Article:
Highly efficient and controllable method for sulfation of complex carbohydrates

S9.4 GAG synthesis
Location (hall): 
Start/end time: 
Thursday, July 4, 2019 - 15:45 to 16:00

Chih-Wei Chang1, Rajaratnam Premraj1, Paul D. Madge1, Robin J. Thomson1, Mark von Itzstein1

1Institute For Glycomics, Griffith University, Gold Coast, Australia

Sulfated glycosaminoglycans (GAGs) and polysaccharides are important biological molecules, a number of which, for example heparin, Fondaparinux Sodium (ARIXTRA®) and Pentosan Polysulfate Sodium (ELMIRON®), have been in clinical use for decades. A variety of sulfated compounds based on new scaffolds have also been recently developed for treatment of various diseases [1,2]. A key step in the preparation of homogeneous sulfated carbohydrates is efficient, reproducible and scalable chemical O- and N-sulfation method. A significant difficulty that arises during attempts to sulfate polyfunctional substrates using conventional approaches is incomplete conversion. Therefore, a reliable and more controllable sulfation protocol is an unmet need for synthetic chemists.

In this presentation we describe a new chemical sulfation method, developed to eliminate this synthetic bottleneck in GAG synthesis. First, we identified that the dipolar solvent, N,N-dimethylformamide (DMF), widely used as a bulk solvent in O-sulfation reactions, while enabling solubilization of the reactants, also uninstalls the newly-formed sulfate groups on reaction substrates. To investigate this problem, we conducted a mechanistic study using real-time NMR spectroscopy to monitor the progress of sulfation reactions distinguishing between conventional and modified approaches. The intriguing findings from the NMR study led us to establish a new sulfation protocol which can efficiently sulfate a wide range of complex carbohydrate substrates with reproducible full conversion. This newly-developed sulfation method both attenuates adverse side reactions and prevents loss of sulfate groups potentially initiated by dipolar solvents throughout the course of reaction, work-up and purification.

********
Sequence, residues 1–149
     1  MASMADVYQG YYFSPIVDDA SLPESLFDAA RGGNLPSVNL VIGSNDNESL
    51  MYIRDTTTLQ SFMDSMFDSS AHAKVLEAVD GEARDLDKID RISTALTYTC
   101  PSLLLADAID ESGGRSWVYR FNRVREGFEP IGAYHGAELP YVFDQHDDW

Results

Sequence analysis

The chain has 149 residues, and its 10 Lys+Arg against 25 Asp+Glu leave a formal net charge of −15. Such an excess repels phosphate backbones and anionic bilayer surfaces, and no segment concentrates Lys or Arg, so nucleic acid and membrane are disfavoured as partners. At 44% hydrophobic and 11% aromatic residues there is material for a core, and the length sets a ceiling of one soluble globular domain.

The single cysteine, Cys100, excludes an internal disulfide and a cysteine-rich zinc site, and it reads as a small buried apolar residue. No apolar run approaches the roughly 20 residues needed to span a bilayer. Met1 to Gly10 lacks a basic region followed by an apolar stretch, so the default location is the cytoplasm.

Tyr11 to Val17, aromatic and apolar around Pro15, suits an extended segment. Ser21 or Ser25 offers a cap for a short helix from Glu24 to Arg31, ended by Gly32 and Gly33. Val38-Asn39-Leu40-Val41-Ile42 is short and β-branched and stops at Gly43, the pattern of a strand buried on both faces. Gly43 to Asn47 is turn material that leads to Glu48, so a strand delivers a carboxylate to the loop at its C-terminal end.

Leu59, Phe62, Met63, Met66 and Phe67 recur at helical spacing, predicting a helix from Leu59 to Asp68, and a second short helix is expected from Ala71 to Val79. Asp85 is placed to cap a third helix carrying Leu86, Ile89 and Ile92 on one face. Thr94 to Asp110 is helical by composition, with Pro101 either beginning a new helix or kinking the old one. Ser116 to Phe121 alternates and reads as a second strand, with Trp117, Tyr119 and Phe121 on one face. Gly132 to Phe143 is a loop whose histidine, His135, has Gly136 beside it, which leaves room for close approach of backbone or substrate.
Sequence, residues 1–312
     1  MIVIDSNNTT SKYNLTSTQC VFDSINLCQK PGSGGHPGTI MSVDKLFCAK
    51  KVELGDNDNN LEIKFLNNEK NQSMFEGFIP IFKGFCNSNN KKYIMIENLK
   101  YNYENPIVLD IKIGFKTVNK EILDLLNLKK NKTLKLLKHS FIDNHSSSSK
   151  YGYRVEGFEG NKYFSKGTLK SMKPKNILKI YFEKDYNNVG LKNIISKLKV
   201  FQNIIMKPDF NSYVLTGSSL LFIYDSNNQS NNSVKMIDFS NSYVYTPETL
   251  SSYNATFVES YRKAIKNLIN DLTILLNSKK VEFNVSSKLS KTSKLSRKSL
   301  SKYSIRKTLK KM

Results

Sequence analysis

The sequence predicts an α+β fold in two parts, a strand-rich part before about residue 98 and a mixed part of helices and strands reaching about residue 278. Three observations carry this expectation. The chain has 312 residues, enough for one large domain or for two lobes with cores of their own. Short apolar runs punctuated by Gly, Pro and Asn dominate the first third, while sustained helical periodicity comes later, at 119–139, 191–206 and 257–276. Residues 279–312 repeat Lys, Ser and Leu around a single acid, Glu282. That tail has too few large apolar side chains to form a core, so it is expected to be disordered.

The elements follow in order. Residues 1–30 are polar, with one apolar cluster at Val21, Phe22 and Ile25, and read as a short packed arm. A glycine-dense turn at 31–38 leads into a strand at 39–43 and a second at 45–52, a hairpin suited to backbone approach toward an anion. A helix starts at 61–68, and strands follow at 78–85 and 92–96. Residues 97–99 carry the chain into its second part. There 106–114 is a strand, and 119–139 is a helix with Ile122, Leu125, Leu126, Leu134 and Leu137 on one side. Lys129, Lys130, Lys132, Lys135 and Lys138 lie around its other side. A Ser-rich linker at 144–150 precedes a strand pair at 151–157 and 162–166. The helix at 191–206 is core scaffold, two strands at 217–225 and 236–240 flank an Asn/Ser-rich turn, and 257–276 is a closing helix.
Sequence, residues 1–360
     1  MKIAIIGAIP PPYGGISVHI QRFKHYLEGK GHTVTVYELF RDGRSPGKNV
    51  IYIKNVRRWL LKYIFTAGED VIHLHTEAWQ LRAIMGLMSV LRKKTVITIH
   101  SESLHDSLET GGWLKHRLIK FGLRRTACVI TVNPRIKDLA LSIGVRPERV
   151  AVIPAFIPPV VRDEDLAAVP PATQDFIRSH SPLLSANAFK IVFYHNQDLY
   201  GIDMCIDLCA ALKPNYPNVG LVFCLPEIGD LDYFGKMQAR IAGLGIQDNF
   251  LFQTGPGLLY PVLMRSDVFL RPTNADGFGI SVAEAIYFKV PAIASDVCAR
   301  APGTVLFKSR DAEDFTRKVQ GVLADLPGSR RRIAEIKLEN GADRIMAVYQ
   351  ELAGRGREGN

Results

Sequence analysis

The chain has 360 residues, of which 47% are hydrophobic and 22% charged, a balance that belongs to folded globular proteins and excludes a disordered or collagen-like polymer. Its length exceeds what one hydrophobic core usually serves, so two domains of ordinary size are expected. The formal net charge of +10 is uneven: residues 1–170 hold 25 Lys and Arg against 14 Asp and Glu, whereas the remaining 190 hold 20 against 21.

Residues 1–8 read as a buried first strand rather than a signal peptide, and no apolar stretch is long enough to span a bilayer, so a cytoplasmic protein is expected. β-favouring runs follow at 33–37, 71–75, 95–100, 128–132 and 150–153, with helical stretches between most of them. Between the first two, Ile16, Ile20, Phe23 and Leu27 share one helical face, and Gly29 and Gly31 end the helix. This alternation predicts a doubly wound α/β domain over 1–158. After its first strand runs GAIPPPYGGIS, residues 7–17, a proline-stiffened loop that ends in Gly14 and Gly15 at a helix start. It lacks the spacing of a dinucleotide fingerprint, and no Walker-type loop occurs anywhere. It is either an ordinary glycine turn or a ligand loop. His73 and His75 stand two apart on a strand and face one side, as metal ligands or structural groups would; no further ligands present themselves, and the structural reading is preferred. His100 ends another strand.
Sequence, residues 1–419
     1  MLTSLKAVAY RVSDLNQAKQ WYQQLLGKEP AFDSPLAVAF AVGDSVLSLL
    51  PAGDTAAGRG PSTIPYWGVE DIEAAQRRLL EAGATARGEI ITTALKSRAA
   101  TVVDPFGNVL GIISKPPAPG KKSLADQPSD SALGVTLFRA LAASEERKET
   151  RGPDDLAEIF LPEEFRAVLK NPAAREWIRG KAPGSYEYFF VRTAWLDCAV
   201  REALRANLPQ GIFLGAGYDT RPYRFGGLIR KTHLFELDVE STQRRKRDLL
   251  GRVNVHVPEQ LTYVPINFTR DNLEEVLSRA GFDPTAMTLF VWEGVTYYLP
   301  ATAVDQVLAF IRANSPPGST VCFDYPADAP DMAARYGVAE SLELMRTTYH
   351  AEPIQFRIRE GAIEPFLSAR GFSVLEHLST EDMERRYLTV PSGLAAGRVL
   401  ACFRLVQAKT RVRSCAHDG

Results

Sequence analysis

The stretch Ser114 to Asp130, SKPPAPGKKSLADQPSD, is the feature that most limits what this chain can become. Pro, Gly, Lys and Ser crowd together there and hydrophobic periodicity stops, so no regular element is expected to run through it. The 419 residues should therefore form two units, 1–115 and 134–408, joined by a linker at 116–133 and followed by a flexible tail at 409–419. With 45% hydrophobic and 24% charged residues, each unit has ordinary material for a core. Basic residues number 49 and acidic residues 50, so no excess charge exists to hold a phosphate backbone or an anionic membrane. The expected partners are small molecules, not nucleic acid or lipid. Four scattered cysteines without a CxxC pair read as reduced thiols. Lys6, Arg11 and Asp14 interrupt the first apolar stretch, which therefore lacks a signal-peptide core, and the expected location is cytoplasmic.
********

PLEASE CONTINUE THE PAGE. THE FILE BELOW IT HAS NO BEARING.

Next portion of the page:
The new sulfation method has been successfully applied to O- and N-sulfation of a wide range of substrates [3]. Among these, a library of discrete homogeneous heparan sulfate fragments ranging from mono to octa-saccharides was prepared, which has been exploited to uncover the specific binding interactions of pure GAG fragments with proteins and in metallo-organic complexes [4,5,6]. We also successfully extended this new protocol to sulfate a polyol substrate on a scale of 232 grams in the academic lab and transferred the technology to GMP production (7 kg scale) of a lead drug candidate currently in a human clinical trial.

Fig. Examples of O- and N-sulfation

  1. Mohamed, S.; Coombe, D., Pharmaceuticals 2017, 10, 78.
  2. Mende, M.; Bednarek, C.; Wawryszyn, M.; Sauter, P.; Biskup, M. B.; Schepers, U.; Bräse, S., Chem. Rev. 2016, 116, 8193-8255;
  3. von Itzstein, M.; Chang, C.-W. PCT/AU2018/051338 
  4. Bohlmann, L.; Chang, C.-W.; Beacham, I.; von Itzstein, M., ChemBioChem 2015, 16, 1205–1211;
  5. Bohlmann, L.; Tredwell, G. D.; Yu, X.; Chang, C.-W.; Haselhorst, T.; Winger, M.; Dyason, J. C.; Thomson, R. J.; Tiralongo, J.; Beacham, I. R.; Blanchard, H.; von Itzstein, M., Nat Chem Biol 2015, 11, 955–957
  6. Gorle, A. K.; Rajaratnam, P.; Chang, C.-W.; von Itzstein, M.; Berners-Price, S. J.; Farrell, N. P., Inorg. Chem. 2019.   DOI: 10.1021/acs.inorgchem.8b03035